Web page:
At school pickup time yesterday, my son Andrew bounded toward me excitedly waving a document that parents dread more than expulsion or head lice. Its brightly colored photos displayed prizes that every kid dreams of: a flat screen TV, a remote control racecar, an iPod Touch, spy goggles, a lifetime supply of Silly Bands, and a few smaller rewards that normally break during their first use.
Ahh, fundraising time again at Northwest Laurens Elementary.
“If I sell a thousand buckets of cookie dough, I can get a flat screen TV for my room!" exclaimed Andrew. "The fundraising man said we should set our goals high in life, that we all know lots of people. And who doesn’t love cookies? I really want that TV, so I’m going for the thousand. Think we can do it, Mom?”
“We!? Honey, I see your name on the form, not mine,” I pointed out to my son who’s more than willing to include me in any activity that involves soliciting donations from neighbors who I’ve offended in the past.
As an elementary school parent I’ve taken on the jobs of bus driver, referee, counselor, library volunteer, homework Nazi, classroom story reader, paper grader and fall festival face painter. I’m not a sales person. I’m just not. I’ve tried it many times. And failed many times.
Early on, I decided against a sales career after spending three weeks working at a lighting store called Lamps Plus. Each day, we’d pass the first half hour listening to Annie, a drill sergeant turned sales manager, give us a shouting “pep talk” about how worthless we were and if she weren’t so compassionate she’d fire us all on the spot. I always entered the merchandise floor feeling shell shocked, yet grateful to Annie for not shooting me.
Nancy, a Chinese import who spoke broken English and wore the same magenta suit seven days a week, created a system of greeting every customer at the door, thus claiming them for herself. She routinely hissed at sales people who accidentally came within 10 feet of her customers. I never once met my quota, but still have some really nice, over priced lamps from my time there. My tour of duty ended one afternoon when I accidentally caused a Swarovski crystal chandelier to come crashing to the floor. Before anyone could react, I was driving out of the parking lot never to clock in again.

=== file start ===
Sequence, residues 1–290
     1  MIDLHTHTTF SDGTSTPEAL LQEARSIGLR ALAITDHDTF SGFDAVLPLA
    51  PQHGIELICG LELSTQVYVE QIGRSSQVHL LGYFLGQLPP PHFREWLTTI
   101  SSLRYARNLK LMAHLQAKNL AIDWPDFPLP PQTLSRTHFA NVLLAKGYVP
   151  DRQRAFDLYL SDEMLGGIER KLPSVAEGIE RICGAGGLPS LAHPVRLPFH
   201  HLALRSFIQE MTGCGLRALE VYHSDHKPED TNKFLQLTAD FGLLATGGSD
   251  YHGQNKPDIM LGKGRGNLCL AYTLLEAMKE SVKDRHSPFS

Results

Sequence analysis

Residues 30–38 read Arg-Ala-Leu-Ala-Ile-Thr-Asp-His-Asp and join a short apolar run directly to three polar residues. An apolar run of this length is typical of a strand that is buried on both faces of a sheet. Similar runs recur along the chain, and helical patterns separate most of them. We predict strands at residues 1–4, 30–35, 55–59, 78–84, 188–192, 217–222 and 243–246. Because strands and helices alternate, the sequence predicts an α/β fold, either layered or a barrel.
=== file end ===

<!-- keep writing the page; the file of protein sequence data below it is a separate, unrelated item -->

Since then, I’ve spent most of my working years in marketing, thus making it easier for sales people to do their jobs. I guess you could call me an enabler.
Back to the present…
“Well, Mom, if you won’t help me sell a thousand, will you at least buy 12 buckets so I can go to the Mega Party? We get to ride in a Limo and they’ll have pizza and blow up slides and a bunch of other cool stuff. And we get to skip school for three whole hours,” said Andrew.
“Let me see that sheet!” I countered. “That’s a 1979 Country Squire station wagon. It says ‘Limo-like transportation.’”
“C’mon, Mom. Can’t we just walk around the neighborhood? It won’t take that long to sell 12.”
“Okay,” I caved. “But we have to do it NOW, before the other neighborhood kids get home.”
Each year, when fundraising time comes around, I buy just enough of whatever the school’s peddling for my son to earn the lowest prize on the chart...probably a glow-in-the-dark highlighter. And each year the angel on my shoulder chides me for robbing him of the chance to experience entrepreneurship and free enterprise. “Andrew’ll never gain the valuable skills necessary to find a lucrative job in the U.S.’s evolving customer-centered workforce if you don’t get out there and knock on doors with him,” says my angel (a capitalist Republican) , as the devil on my left shoulder picks out her 12 favorite cookie dough flavors.
Armed with the order form, a pen, a ziplock bag to collect money and our obnoxious pit-bull, Hope on a leash, we set out. My strategy was to tell people we were selling dogs and Hope was the only one left. After seeing her, they’d be more than willing to buy anything else we had.
Our first stop was the Slater family. They’re on my short list of favorite neighbors. “Would you like to buy some cookie dough,” asked Andrew in his most Dale Carnegie approved voice.
“Yeah sure,” said 12-year-old Kelsey.
“Would you like to buy some magazines, Mrs. Weight?” she countered.
“Uhm, I guess so,” I replied reluctantly…trapped.
After a short round of negotiations, we walked away having sold two buckets of dough and purchased two magazines that I’m sure I’d have subscribed to anyway… at half the price.
A couple of houses down, we met Lisa Scott, who bought a bucket of oatmeal-raisin and in turn sold us a Boston butt roast for twice the price of the dough. It was to help her son’s preschool raise money for new playground equipment.
We don’t eat Boston butt, but I’m sure it’ll make a great gift….to someone, although the only upcoming gifting occasion is Little Kate Bell’s fifth birthday party. She probably won’t be receiving any other 10 pound cuts of meat.
One street over, Mrs. Zinker bought a bucket of chocolate chunk and talked me into hosting a Tupperware party.
And so our sales calls went…
Two hours later, after knocking on 28 doors, buying three magazines, five raffle tickets, a ham, a case of Cokes, a roll of Santa Claus wrapping paper, a bag of fertilizer and a Mary Kay skin renewal kit, we finally hit number 12. Andrew shouted ‘victory’ and I promptly fired my shoulder angel.